A Redesigned Experience for Developers and QA Teams

Drawing of tugboats pulling containers

We have created a handful of products over the last ten years (Drupalize.Me, most notably) and Tugboat is the new rising star. In 2013, our development team saw an opportunity to vastly improve productivity for website projects. This vision became a reality by offering early iterations of the Tugboat product to our clientele. Tugboat was a hit from the start, allowing developers and QA teams to preview a live website for each individual feature, bug fix, or big idea. After several years of product iteration and improvement, Tugboat has received a complete product redesign and rebuild, along with a shiny new marketing site. We’re pretty excited to help teams begin working more efficiently. 

Take the stress out of onboarding

Through an in-depth user and market research process, we uncovered a pain-point in earlier versions of Tugboat and competitor products that needed to be addressed in the redesign: a cumbersome project onboarding process. As the redesign process unfolded, we made answering this question a priority: how can we help teams achieve success earlier in the onboarding process, even when the development stack for their website is very complex? 
What was the answer? Infrastructure as code. Provide teams with a config.yml file, alongside example code. This approach allows developers to spin up their first project, sync a repository via their version control provider of choice (e.g. Gitlab, Github, Bitbucket, or publicly-accessible git repository) and choose an account payment tier. Once the config file is submitted, developers are able to view their projects within a few simple steps.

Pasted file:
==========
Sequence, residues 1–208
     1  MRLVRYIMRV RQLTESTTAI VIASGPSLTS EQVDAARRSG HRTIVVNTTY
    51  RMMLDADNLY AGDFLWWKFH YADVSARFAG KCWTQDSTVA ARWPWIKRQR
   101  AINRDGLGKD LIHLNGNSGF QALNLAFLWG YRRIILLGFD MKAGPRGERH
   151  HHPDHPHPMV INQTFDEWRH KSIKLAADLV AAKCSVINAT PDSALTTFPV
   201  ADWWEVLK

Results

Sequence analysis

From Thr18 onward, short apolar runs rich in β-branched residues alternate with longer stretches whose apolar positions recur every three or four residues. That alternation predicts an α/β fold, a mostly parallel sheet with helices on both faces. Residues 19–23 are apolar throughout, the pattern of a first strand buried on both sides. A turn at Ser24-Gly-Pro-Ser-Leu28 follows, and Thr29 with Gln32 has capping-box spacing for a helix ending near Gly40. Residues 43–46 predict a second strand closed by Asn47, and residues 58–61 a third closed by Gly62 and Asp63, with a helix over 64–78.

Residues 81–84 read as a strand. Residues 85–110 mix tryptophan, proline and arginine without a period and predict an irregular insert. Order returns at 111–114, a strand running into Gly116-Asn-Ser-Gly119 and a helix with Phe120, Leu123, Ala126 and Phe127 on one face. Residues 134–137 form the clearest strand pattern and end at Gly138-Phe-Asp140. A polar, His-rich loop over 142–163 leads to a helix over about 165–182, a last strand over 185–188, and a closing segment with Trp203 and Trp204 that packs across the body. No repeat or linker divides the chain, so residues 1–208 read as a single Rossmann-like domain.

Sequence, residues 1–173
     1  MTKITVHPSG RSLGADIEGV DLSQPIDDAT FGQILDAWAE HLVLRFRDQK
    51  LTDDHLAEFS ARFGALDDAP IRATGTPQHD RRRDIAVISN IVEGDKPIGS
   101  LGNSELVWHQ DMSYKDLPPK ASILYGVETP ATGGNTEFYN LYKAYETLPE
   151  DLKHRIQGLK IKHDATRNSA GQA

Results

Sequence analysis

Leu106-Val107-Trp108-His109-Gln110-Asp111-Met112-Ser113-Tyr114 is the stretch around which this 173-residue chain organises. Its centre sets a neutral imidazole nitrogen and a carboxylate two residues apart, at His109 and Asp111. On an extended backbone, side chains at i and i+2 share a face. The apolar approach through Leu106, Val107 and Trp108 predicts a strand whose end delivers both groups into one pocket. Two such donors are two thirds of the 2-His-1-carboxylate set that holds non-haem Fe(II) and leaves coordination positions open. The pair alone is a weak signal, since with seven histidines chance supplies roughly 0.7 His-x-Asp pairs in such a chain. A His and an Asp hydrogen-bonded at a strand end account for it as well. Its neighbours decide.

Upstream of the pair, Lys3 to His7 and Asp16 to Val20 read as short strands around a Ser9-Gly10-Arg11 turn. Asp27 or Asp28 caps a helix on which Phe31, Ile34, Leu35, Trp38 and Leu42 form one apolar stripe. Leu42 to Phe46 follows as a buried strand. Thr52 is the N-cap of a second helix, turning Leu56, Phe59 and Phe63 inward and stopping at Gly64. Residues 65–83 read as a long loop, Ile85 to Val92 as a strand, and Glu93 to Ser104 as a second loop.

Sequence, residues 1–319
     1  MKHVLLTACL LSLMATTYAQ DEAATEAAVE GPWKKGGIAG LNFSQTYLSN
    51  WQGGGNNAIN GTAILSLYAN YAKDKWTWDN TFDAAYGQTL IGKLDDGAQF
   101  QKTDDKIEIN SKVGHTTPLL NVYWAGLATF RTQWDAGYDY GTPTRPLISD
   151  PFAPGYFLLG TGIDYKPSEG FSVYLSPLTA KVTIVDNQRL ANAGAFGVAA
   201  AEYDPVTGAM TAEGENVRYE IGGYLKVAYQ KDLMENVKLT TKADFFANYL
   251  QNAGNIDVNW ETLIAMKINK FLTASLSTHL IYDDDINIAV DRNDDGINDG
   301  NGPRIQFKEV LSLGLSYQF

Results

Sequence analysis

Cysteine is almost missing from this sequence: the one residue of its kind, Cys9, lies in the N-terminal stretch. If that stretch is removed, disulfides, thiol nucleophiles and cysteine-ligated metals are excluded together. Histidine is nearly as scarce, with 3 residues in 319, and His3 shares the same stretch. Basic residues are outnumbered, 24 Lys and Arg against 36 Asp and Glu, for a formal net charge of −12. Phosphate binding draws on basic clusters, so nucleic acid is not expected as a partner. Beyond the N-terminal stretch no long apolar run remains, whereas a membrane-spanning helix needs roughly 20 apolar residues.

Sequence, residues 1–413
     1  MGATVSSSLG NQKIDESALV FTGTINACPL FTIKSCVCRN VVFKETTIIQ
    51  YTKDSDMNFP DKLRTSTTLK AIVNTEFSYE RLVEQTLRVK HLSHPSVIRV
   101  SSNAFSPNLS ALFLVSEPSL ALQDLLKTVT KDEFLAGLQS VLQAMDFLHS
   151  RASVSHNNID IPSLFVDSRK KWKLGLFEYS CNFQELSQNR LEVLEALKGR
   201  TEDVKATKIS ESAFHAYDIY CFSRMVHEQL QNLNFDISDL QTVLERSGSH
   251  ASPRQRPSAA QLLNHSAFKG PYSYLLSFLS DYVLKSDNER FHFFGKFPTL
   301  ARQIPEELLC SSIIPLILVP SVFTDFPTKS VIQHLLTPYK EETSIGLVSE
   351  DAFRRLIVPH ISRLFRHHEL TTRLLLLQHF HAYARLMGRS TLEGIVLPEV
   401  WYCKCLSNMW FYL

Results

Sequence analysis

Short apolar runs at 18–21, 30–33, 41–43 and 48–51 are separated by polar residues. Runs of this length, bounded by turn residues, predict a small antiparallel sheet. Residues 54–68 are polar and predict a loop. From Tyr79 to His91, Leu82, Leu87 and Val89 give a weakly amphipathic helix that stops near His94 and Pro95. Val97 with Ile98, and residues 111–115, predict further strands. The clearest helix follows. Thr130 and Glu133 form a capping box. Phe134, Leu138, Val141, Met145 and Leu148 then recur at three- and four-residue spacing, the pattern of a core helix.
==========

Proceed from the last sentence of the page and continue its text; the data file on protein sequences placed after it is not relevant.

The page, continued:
Manage previews and project activity from one simple dashboard

Taking inspiration from leading tech tools like Github, Slack, and Dropbox, a high-level theme for the Tugboat redesign was “show more than we tell.” According to our user research findings, developers are accustomed to minimalist, clean interfaces with a clear hierarchy of components and content. Stakeholders appreciate visual components in order to simply screenshot key updates for their presentations and meetings. With these themes in mind, we gave Tugboat a facelift — where once text-heavy listings feature preview screenshots, and identifying visual changes on the fly is accomplished at a glance.
Tugboat's redesigned UI
Three landing pages side-by-side illustrating Tugboat's Visual Diffs
The visual difference tool highlights changes made on your last pull request.

Usability testing helps to craft user-friendly copy for Tugboat.qa

Focusing only on a small set of prioritized talking points, and letting the visuals speak for themselves, is a powerful, yet seemingly-risky strategy for many organizations. Our goal with the Tugboat.qa marketing site redesign was to provide dead simple clarity for the big questions, and provide detail pages with more information, leaving the key pages simple, clean, and easy to parse. We tested several versions of the marketing copy with various audience segments, and landed on a version of the site copy that tells a meaningful story for both developers and stakeholders. 
Tugboat's redesigned marketing site on desktop and in a mobile browser

Take Tugboat for a spin

Tugboat clients are so excited about the site’s new experience. Sign up for your free account today, to help your team share work immediately and effortlessly, with anyone, via a secure URL. Benefit from the real-time feedback loop web development was meant to have. 
If your team needs help redesigning your product or marketing site, our design services team would love to chat with you about your needs and goals.
For more about visual regression testing, check out our article: Kickass Visual Regression Testing with Tugboat.